Friday, June 26, 2009

Summer is supposed to be a quiet time at a university, yes? Not at Draper! We're reading admissions files, finalizing new faculty hires, developing courses for the fall, and taking care of various other responsibilities that must happen between now and September. We're busier than ever, which means that the coming academic year may be one of the most dynamic and exciting we've had in a long time. More on that as the autumn term nears.

And there are also, always, other tasks. I'm working on my book with feverish intensity. Called Picking Up, it asks a simple question: What is it like to be a sanitation worker in the city of New York today? The answer is fascinating (which surprises many people; go figure!). It lets me tell stories about history, about work, about time, and about how challenging it is to draw a boundary around a subject (that is, garbage and its labors) that always resists containment.

To see if the writing makes sense, I've given a few talks in recent weeks. It's a good way to test-drive new ideas (does the audience think I'm crazy or wise? or something in between? How do I squeeze 300 years of history into a 45-minute presentation, anyway?) and meet people interested in the themes I'm playing with.

A talk I gave in early May, for instance, was in a venue new to me. The GEL Conference (GEL stands for Good Experience Live) collects thinkers, shakers, doers, inspirers (it should be a word) from various walks of life and asks each to speak on his or her expertise for no more than 20 minutes. I was honored to be included, and the event was a marvelous opportunity to learn from scholars, entrepreneurs, designers, artists, and educators whom I otherwise might never have met. There will be a link to a video eventually, but for now there are pictures of yours truly and all the other speakers on Flickr, here.

In early June I spoke at the New York Public Library, which is always a pleasure. I tried to jam a few centuries of history into less than an hour, in a discussion about the parallels between public health and trash management. It worked, sort of... The audience was attentive, patient, and asked many good questions, which helped me immensely.

Then last Saturday (June 20), I gave a talk at Freshkills Park on Staten Island (that's Freshkills at the top of this post; I took the picture last March). It truly is one of the most extraordinary geographies in the world. I've visited many times, though knew it better when it was an active landfill. I loved it then and love it now. If you ever have the chance to take one of the tours run by the Parks Department, don't hesitate. You will be dazzled and amazed...!

Free Op-Ed Writing Workshop for Graduates: NYU Journalism, 9/18/09

NYU's Arthur L. Carter Journalism Institute will be offering a free, non-credit 'Op-Ed Writing Workshop for Graduates and Professors in the Social Sciences' and Draper students are invited to attend.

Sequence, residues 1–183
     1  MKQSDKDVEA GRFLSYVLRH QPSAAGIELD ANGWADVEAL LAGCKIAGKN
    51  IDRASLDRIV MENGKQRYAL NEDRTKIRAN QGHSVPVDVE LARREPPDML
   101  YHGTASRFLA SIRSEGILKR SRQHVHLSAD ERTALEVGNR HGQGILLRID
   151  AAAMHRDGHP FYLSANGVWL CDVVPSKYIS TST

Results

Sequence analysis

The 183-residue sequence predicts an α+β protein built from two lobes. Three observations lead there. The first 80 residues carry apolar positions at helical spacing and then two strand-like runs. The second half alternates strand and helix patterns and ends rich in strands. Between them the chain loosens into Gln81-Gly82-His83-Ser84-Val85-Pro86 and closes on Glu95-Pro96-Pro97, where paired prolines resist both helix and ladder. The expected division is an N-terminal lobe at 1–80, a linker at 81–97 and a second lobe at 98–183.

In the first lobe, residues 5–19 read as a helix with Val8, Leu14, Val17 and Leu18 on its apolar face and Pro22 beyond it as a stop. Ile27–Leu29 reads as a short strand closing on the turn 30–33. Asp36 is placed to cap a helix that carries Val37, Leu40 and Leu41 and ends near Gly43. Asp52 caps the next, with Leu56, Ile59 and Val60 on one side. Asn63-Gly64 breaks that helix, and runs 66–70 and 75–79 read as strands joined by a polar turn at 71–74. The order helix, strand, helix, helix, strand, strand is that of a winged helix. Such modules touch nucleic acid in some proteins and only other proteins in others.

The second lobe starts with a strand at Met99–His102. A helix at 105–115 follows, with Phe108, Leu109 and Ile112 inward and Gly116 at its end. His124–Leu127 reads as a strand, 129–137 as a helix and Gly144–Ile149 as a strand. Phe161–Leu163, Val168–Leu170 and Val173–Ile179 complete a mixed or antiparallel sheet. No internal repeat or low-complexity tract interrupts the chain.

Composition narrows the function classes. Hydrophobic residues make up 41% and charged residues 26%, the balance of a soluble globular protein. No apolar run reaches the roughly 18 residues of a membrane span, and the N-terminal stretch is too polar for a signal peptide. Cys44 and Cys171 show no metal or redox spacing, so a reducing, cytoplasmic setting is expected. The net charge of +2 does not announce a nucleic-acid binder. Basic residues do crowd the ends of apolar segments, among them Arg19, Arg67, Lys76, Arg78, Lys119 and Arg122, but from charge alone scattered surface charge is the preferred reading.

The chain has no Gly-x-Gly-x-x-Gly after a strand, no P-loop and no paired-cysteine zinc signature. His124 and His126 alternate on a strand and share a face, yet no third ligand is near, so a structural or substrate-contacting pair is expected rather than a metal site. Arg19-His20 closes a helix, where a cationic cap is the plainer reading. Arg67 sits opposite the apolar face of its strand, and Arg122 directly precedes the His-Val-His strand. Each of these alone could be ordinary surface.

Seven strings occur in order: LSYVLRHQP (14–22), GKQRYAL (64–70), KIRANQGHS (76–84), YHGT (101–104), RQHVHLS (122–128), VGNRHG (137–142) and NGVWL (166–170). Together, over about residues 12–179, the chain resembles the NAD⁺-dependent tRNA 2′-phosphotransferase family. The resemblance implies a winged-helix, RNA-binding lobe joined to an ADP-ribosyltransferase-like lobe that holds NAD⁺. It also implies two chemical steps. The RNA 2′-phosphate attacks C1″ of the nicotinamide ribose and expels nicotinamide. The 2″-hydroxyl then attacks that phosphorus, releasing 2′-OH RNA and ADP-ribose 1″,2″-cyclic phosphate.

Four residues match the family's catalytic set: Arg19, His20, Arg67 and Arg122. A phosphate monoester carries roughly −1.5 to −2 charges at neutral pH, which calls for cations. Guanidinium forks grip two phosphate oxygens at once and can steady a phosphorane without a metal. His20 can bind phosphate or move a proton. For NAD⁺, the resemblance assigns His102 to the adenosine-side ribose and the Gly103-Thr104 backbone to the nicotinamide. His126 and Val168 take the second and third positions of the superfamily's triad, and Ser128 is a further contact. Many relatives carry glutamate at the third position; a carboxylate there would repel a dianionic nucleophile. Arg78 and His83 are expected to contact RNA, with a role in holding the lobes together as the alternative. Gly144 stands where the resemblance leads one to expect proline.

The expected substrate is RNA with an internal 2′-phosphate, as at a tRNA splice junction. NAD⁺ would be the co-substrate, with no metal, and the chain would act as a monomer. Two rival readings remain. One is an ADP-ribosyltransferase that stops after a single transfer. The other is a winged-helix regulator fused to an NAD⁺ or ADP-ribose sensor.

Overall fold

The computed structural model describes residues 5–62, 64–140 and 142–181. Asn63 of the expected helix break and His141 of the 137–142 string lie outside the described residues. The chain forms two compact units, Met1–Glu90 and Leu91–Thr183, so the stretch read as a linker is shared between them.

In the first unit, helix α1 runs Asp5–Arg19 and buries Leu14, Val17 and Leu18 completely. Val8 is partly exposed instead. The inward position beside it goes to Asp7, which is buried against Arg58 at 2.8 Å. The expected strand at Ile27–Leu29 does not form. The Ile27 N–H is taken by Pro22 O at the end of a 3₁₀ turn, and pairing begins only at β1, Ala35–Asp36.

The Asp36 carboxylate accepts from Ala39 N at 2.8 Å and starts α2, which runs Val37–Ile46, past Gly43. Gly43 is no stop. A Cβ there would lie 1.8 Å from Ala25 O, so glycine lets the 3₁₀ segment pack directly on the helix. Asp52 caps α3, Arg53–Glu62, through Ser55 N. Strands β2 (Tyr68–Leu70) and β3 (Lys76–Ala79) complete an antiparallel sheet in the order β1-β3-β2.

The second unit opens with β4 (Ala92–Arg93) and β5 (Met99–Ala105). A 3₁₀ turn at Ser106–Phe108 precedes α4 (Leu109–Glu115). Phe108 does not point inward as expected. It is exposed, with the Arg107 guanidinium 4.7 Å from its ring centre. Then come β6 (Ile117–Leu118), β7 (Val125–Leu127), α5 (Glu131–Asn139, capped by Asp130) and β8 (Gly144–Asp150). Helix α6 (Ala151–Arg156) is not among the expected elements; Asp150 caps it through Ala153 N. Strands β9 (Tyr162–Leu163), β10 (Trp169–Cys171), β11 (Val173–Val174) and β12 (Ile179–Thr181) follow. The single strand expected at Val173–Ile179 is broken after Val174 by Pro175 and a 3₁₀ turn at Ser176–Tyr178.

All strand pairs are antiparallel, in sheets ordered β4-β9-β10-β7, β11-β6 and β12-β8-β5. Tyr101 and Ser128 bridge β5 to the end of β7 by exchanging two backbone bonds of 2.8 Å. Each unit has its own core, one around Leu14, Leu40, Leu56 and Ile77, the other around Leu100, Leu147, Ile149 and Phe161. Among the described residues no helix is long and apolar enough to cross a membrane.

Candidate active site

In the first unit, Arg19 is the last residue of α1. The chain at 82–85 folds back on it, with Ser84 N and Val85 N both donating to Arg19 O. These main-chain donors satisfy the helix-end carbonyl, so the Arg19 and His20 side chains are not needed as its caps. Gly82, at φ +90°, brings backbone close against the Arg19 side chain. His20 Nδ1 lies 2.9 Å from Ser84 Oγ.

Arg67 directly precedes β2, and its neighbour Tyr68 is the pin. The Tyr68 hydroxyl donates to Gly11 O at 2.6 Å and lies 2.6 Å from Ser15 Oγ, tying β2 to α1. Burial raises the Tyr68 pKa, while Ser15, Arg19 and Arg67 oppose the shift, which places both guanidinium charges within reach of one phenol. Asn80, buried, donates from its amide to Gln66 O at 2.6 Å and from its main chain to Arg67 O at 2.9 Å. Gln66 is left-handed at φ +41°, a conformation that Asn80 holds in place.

When: Friday, September 18th, 10 a.m. to 4 p.m.

Where: NYU Arthur L. Carter Journalism Institute, 20 Cooper Square, 6th floor

Instructors: Dalton Conley, FAS Dean of Social Sciences
Brooke Kroeger, Director, NYU Arthur L. Carter Journalism Institute

Per the Journalism's announcement:

"The workshop morning will cover the whys and wherefores of writing for a wide but sophisticated general public with the afternoon devoted to workshopping each student’s individual piece. Participants will submit 250-word queries (pitches) for their articles by September 8th. The edited queries will be returned promptly. Drafts of the 850-word final articles will be due by September 15th for a second edit and we will work with that edited version in class.Preparatory text for the workshop: George Orwell's Politics of the English Language."

To register: Contact with subject line: Op-Ed Workshop

Please include your program and school and whether you are a graduate student or a professor.

Further details will be made available to those who sign up. Class limit is 20. The workshop is being offered for no academic credit and free of charge. Admission will be on a first-come, first-serve basis.

Monday, June 22, 2009

Professor Tom de Zengotita Published in Harper's, June 2009

Professor Thomas de Zengotita recently published "Reframing Your World" in the June 2009 issue of Harper's.

Tom (who teaches three immensely popular seminars for Draper) is a frequent contributor of non-fiction for Harper's, and this short 'fantasy essay' is part of a forum of similar pieces published in the magazine. He is also the author of Mediated, which was awarded the Media Ecology Association's Marshall McLuhan Award in 2006 for outstanding work in the field.

The full text of the story is only available to subscribers online, although you can read the beginning here.